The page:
How Dare They Record That Mechanic’s Lien: Summary Methods To Remove Erroneous And Invalid Mechanic’s Liens And Stop Notices
How Dare They Record That Mechanic’s Lien:
Summary Methods To Remove Erroneous and Invalid Mechanic’s Liens and Stop Notices
By: William C. Last, Jr.
It is not uncommon for a party to contest the validity of a mechanic’s lien or a stop notice. However, most contractors are unaware that the party claiming that a lien or stop notice is invalid may be able to undertake a summary proceeding to remove the contested lien or stop notice. This article shall discuss the legal procedures that are available to summarily remove an erroneous or invalid lien or stop notice.
Private Works Remedies
In the landmark California Supreme Court case of Connolly Develop., Inc. v. Sup. Court of Merced City (1976) 17 Cal. 3d 803, the Court considered the constitutionality of California’s Mechanic’s Lien statutes. In finding that the statutes were sufficient to comply with both state and federal due process requirements, the Court upheld the validity of the statutes because they accommodated the competing interests of both the land owner and the lien holder. (17 Cal. 3d at 821-822.) Thus, while the lien holder was permitted to assert his lien without a formal hearing, the land owner was entitled to a speedy hearing to determine the validity of the lien. (Id. at 822-823.) In fact, the Court held that the lien holder’s right to assert the lien without any prior hearing is constitutional precisely because it is balanced by the landowner’s remedies in promptly challenging the lien in court. (Id. at 827-828.)
Following Connolly, in Lambert v. Superior Court (1991) 228 Cal. App. 3d 383, it was held that a Motion To Remove the Mechanic’s Lien is the proper manner in which to challenge the validity of a mechanic’s lien once a contractor has filed an action to foreclose on the lien. Citing Connolly, the Lambert court held that Connolly is premised on the availability of speedy remedies. An owner’s right to use the speediest remedy should not be lost because a claimant has won the race to the courthouse. (Id.) The Lambert court further reasoned that if a claimant may use a mechanic’s lien to protect the eventual award of an arbitrator, it follows from the due process discussion in Connolly that an owner may ask the court to remove an improper lien while arbitration is pending. (Id. at 388.) When a claimant has recorded a mechanic’s lien and then secured a stay of an action to foreclose the lien, an owner must have a speedy court remedy for showing that the lien is invalid. (Id.) As a consequence, a party may move to remove an invalid lien whether or not the case has been sent to binding arbitration.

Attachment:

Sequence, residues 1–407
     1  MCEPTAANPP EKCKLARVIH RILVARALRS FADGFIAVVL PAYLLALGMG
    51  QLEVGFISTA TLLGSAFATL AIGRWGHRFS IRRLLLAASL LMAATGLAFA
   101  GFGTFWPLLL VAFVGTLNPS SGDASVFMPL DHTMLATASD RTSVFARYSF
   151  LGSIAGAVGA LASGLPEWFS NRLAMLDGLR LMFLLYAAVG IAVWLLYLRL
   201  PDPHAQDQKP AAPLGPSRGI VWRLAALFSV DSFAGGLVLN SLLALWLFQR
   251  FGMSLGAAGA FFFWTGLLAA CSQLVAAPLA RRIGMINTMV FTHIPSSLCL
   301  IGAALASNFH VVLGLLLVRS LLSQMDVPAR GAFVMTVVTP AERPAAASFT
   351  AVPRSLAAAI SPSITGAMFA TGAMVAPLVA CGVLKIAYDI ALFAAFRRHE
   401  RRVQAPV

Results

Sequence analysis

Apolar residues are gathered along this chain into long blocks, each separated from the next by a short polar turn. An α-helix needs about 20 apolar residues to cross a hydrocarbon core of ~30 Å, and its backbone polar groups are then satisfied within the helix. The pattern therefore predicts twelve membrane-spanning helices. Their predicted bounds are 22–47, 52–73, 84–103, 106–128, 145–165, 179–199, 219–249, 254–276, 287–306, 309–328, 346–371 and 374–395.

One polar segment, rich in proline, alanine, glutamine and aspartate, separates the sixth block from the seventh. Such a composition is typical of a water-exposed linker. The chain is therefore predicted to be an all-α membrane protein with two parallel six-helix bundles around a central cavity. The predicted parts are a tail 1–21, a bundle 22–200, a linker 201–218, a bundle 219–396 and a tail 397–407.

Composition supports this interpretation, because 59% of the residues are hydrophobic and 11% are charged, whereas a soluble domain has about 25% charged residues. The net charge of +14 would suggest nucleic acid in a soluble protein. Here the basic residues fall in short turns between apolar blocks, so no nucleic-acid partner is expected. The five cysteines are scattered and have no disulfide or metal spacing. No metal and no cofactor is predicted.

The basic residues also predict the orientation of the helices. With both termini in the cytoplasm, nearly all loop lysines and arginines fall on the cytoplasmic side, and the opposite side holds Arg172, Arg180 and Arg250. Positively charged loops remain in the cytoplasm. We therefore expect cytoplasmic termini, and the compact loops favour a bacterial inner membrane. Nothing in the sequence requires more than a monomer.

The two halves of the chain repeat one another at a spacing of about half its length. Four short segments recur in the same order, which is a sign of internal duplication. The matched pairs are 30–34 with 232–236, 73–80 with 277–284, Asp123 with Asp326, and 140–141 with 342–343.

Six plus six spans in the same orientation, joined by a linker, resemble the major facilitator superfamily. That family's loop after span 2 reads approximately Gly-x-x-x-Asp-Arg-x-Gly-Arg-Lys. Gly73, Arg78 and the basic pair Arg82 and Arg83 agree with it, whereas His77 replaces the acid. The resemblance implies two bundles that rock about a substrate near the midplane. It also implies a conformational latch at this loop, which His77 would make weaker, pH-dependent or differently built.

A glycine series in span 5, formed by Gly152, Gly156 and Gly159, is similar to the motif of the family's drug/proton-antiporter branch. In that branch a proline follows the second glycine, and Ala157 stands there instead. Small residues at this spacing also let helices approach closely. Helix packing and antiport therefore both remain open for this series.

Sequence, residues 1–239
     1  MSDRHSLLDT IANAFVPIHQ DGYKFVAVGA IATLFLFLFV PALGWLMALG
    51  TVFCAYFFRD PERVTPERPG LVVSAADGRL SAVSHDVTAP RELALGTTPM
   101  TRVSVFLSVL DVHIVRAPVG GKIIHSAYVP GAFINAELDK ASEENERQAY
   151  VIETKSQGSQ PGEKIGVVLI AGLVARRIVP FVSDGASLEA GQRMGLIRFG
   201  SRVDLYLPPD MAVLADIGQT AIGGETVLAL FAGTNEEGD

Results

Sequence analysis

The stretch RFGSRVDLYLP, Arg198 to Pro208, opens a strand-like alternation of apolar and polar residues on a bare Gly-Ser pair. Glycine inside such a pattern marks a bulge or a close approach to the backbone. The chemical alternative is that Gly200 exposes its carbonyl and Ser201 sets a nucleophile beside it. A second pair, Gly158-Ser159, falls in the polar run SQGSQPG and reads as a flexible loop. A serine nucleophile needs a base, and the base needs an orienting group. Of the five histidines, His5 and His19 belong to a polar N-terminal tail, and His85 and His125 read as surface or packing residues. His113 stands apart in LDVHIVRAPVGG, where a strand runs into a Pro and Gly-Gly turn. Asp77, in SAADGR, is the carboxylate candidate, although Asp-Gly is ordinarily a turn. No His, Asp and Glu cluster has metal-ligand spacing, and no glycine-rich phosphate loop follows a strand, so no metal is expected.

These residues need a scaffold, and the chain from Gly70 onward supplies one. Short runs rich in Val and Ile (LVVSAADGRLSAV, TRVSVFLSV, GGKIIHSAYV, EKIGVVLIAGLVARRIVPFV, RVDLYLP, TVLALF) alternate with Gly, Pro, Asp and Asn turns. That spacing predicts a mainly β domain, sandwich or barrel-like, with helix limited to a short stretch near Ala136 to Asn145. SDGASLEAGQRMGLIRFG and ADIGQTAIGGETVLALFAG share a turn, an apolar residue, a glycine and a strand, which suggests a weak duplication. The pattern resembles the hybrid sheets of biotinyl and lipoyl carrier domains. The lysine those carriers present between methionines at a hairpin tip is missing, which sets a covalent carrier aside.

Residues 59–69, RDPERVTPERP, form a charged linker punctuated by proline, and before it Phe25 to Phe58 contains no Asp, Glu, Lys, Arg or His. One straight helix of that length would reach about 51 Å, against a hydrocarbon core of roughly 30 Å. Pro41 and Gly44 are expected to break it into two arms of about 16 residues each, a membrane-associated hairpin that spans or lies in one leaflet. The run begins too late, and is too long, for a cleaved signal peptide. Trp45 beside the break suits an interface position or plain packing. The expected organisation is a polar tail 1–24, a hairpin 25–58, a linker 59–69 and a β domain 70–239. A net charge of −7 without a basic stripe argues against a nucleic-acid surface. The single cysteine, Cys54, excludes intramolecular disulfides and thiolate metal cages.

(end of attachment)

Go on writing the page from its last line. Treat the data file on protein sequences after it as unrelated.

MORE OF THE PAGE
Public Works Remedies
The Mechanic’s Lien remedy is not available on California state and local public works projects. The Stop Notice or Notice to Withhold combined with an action against the Payment Bond, or for breach of contract against the prime contractor, are the usual remedies available to subcontractors, laborers and materialmen on state and local public works.
When the prime contractor disputes the validity of any or all of the Stop Notice claims, there are two procedures which it may use to attempt to have the withheld funds released in an expedited manner.
1) Bond: The public entity may, in its discretion, allow the contractor to file a proper bond to obtain release of the withheld amounts. The bond must be issued by a corporate surety, and be in an amount equal to one hundred twenty five percent (125%) of the claim stated in the Stop Notice. The bond must provide that if the claimant eventually recovers, he may also recover the costs of bringing the action. (Civil Code sec. 3196).